Selective Estrogen Receptor Modulators (SERMs) are compounds that act like estrogen on some tissues (e.g. bone tissue) and have an anti-estrogen effect on other tissues (e.g. breast and sometimes uterine tissue). The Food and Drug Administration (FDA) has approved raloxifene (brand name Evista) to prevent and treat osteoporosis. Although raloxifene has been shown to reduce the risk of vertebral (spinal) fracture, it has no impact on hip or wrist fractures. The drug is also associated with serious risks, including life-threatening blood clots.

    Although these medications used to be a relatively common treatment option for osteoporosis, we agree with the 2017 updated guidelines from American College of Physicians that recommend against using either menopause hormone therapy or SERMs to treat osteoporosis.

    Calcitonin

    Calcitonin (brand names Fortical or Miacalcin; not the same as calcium supplements) has been shown to prevent fractures of the spine but not of the hip and wrist. It is approved to treat women with osteoporosis, but its approval was based on weaker evidence than more recently approved drugs, and its use is not generally recommended. Women who take calcitonin must watch their intake of foods with high calcium levels (e.g. milk, cheese) as excessive calcium can be dangerous. Calcitonin is administered through a nasal spray; side effects may include nasal congestion and nausea. Although calcitonin is technically still available, it is considered obsolete due to safety concerns and low efficacy compared to other treatments.

    Non-Drug Alternatives

    Building Strong Bones

    There are many ways to treat or prevent osteoporosis that do not rely on drug treatment. Though non-drug alternatives probably won’t replace drug treatment for women with serious osteoporosis, all women and men can take steps to build strong bones and prevent falls to reduce their risk of fracture.

    It is important to ensure your body has the nutrients it needs. This means getting the daily recommended dose of vitamin B, which has been linked to muscle health, along with maintaining a healthy diet high in antioxidants. There are multiple ways to get the 700mg daily recommended dose of vitamin B. The nutrient is found in animal products like eggs, fish, poultry, and dairy, as well as in some cereals, rice, and plant-based dairy alternatives.

    Exercise is another critical way to maintain healthy bones. Studies have shown that exercise—especially weight bearing exercise regimens like walking, dancing, or running—leads to increased bone density. Tai Chi – an ancient Chinese practice that combines slow, deliberate movements, breathing exercises, and meditation – has been shown to be one of the most effective exercise regimens for increasing bone density and reducing fracture risk. An added benefit of exercise is that it increases strength and balance, which can reduce the risk of falling that leads to fracture.

    Fall Prevention

    Even the weakest bones are unlikely to break without some form of trauma. When an older adult breaks a bone, falls are often to blame. Falls contribute to over 95% of osteoporotic hip fractures. If you have been diagnosed with osteoporosis, reducing the risk of falls is an essential part of a comprehensive fracture-reduction strategy. Whether or not you choose to take medication, there are several methods to reduce your risk of falling and experiencing a fracture.

    Making your home “fracture-proof” is an excellent place to start. Studies show that taking steps like taping down the edges of rugs or mats, installing textured pads to showers and slippery floors, ensuring good lighting – especially in stairways – and wearing stable nonslip shoes around the house successfully reduce the risk of fracture. When you leave the house, wear nonslip shoes and be aware of slippery surfaces, especially in the winter when walkways can be icy.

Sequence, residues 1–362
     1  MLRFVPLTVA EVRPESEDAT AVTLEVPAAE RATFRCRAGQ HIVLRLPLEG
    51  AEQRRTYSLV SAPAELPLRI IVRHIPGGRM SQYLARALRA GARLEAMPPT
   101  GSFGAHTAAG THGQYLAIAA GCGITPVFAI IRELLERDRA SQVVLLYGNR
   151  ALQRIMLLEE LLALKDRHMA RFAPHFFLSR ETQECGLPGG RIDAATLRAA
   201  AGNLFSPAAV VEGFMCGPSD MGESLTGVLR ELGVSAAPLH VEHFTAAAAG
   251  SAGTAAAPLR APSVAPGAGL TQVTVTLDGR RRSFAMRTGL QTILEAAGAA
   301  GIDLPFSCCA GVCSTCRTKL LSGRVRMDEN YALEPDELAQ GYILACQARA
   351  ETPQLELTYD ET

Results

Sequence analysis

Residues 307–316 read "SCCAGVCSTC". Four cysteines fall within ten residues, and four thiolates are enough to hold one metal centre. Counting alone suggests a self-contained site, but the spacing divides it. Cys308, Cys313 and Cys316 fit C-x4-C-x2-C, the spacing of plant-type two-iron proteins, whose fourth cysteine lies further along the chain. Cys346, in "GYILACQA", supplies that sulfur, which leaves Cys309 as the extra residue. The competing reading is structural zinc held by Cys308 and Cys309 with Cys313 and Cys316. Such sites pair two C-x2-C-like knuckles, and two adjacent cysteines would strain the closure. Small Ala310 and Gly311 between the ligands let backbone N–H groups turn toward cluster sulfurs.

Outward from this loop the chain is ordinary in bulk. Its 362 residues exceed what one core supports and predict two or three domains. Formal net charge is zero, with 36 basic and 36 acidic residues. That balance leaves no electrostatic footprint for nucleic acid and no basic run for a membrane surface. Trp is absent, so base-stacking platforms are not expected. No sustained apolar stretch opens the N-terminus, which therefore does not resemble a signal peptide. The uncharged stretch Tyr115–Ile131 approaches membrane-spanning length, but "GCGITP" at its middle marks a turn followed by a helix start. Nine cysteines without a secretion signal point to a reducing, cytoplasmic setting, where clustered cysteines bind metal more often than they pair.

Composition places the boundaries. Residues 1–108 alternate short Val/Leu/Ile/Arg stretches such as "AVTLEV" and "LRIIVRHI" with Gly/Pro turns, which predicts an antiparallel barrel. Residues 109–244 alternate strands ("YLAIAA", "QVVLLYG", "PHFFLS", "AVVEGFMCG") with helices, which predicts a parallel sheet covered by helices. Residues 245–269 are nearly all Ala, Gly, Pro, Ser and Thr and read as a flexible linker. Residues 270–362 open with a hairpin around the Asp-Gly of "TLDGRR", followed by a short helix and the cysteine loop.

Consistent exercise, especially daily balance training, can help strengthen muscles that stabilize the body. Balance training exercises can be found online and done at home. Classes and programs also exist, and may be advisable for those who are frailer. Poor vision can lead to tripping, slipping, and possibly fracture. Getting regular vision checks and using prescribed eyewear is also important.

    Dizziness and fainting are common side effects of many drugs prescribed to older adults. Check the FDA label online or in the package insert to determine whether any drug you take can cause these side effects. Though you cannot predict how your body will respond to any given medication, taking the proper precautions, like sitting down when you feel dizzy or faint, can help you to avoid falls. It is also a good to schedule an appointment once a year with your primary care physician to review your mediations. These appointments, called “brown bag” appointments, involve bringing all the medications you take to the appointment in a bag and talking with your physician about which prescriptions could be stopped, or changed. The number of medications prescribed to older adults, especially those with chronic conditions cared for by multiple physicians, can be staggering and sometimes isn’t necessary. A brown bag appointment is not only a good health and safety measure, it could also help lower the dosage or even eliminate drugs that cause dizziness or fainting.

    The Bottom Line

    Think carefully about your own risk of experiencing a serious fracture and consider safety issues when deciding whether to take osteoporosis drugs. Don’t hesitate to ask your health care provider about the safety and efficacy of osteoporosis medications and whether non-drug alternatives might be just as effective, based on your personal history and current health status. For more information, visit the National Institutes of Health Osteoporosis and Related Bone Diseases Resource Center’s website.

    Contact Us

    The National Women’s Health Network is committed to ensuring that women have access to accurate, balanced information about osteoporosis. If you have a question you would like to ask NWHN, submit it on our weekly Q & A column “Since You Asked.” Stay informed about this issue by signing up for our e-alerts, and by connecting with us on Facebook , Twitter, and Instagram.